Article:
Fundamentals of Fluid Flow in Porous Media
Diffusion Coefficient: Effective Diffusion Coefficient
Experiments and field data show that the diffusion process in porous media is slower than that of two liquids adjacent to each other in a vial. This results from the fact that the diffusion coefficient in porous media is smaller than the bulk diffusion coefficient; therefore, an effective diffusion coefficient is proposed, which is based on the average cross-sectional area open to diffusion and the distance traveled by molecules in porous media.
For a bundle of straight capillary tubes, the effective diffusion coefficient and the bulk diffusion coefficient are the same. However, the straight capillary model is not a very good representation of a porous rock. A lot of work has been done to predict the apparent diffusion coefficient in porous media. Carman (1939) has shown that, in porous rock, fluids must move on the average at about 45° to the direction of flow (Figure 3‑5). Hence, when fluid has traveled a net distance, L, it has traveled an actual average distance of about √2 x L. On the other hand he assumed a tortuosity ( τ ) equal to √2 for the porous medium. Carman proposed the following ratio between the bulk and effective diffusion coefficients:
Deff = Effective Diffusion Coefficient,
D = Molecular Bulk Diffusion Coefficient.
Here 0.707 is a correction for the actual diffusion process length.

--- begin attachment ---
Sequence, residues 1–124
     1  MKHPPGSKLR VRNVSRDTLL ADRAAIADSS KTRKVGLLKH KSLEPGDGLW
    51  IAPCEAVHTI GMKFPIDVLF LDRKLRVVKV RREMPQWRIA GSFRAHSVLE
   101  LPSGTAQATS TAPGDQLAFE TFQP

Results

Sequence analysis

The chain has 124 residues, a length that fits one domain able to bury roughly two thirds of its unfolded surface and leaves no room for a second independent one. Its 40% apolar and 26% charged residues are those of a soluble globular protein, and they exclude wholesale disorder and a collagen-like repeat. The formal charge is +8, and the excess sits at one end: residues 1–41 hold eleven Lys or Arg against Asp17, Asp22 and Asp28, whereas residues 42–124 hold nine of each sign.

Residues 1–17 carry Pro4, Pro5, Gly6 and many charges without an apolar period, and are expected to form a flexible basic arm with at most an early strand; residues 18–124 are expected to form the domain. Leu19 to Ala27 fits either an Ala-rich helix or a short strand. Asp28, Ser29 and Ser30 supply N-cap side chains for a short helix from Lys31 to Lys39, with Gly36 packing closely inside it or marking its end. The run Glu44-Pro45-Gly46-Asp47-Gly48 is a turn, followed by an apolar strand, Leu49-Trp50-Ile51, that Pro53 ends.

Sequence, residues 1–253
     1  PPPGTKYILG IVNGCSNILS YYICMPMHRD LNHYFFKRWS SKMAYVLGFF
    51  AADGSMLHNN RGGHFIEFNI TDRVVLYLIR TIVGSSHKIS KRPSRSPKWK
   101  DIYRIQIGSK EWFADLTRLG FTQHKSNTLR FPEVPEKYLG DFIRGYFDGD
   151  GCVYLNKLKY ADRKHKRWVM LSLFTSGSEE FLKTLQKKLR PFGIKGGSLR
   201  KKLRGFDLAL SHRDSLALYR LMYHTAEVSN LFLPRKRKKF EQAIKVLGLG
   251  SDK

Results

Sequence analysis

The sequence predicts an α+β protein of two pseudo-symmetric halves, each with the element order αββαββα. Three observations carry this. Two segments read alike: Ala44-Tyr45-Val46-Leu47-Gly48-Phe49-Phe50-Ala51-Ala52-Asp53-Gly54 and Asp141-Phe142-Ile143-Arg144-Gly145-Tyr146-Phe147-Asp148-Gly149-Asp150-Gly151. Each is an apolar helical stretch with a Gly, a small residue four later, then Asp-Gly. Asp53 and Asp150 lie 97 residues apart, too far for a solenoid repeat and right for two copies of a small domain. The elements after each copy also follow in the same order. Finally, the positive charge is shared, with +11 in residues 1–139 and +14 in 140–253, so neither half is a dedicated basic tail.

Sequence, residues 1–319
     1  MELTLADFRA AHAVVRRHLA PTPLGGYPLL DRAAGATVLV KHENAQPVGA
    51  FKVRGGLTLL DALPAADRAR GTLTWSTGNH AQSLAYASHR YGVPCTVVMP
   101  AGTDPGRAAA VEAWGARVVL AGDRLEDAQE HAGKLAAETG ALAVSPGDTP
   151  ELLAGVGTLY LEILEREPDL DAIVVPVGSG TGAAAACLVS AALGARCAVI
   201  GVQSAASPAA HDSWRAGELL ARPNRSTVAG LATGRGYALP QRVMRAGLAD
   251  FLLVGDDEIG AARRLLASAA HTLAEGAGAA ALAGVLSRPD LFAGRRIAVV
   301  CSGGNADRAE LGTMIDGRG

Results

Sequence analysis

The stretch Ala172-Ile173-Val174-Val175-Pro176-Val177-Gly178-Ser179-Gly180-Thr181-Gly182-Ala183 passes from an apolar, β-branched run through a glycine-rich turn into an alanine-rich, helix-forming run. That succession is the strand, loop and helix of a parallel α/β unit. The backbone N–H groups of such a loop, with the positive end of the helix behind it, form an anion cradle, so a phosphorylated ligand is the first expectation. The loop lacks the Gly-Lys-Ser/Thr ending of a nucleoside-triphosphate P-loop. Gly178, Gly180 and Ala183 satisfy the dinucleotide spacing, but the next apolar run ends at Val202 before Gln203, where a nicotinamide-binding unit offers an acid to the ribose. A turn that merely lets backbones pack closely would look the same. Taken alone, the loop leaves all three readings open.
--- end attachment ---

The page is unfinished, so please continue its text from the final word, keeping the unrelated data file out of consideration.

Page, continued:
On the other hand in the porous medium the cross section area available for diffusion is not the total cross section of the medium. By assumption of the equality between areal and volume porosity it can be concluded that only a portion (equal to the porosity) of the total cross section of the medium is available for diffusion process. According to this assumption Penman (1940), after some experiments on a packing of spherical particles, proposed the next equation to relate the bulk and effective diffusion coefficient to each other:
Where, φ is the porosity. In this formula, 0.66 is the correction for real length of diffusion process and φ is the correction for actual area available for diffusion.
Figure 3-5: In a Porous Medium Fluid Generally Flowing at about 45° with respect to Average Direction of Flow
On the other hand grain shapes and sizes of a porous medium are not homogeneous all the time so the assumption of constant values such as 0.707 or 0.66 is not reasonable to use as the inverse of the tortuosity, so it could be more sophisticated to use the tortuosity in the formula instead of a constant value:
A more sophisticated and comprehensive approach was suggested by Brigham, Reed et al. (1961) and van der Poel (1962). These investigators recognized that there is an analogy between diffusion and the electrical resistivity factor with the following formula:
Where, F is the formation resistivity factor. Diffusion coefficient in the absence of the porous media, is sometimes called bulk diffusion coefficient in contrast to the effective diffusion coefficient at the presence of the porous medium.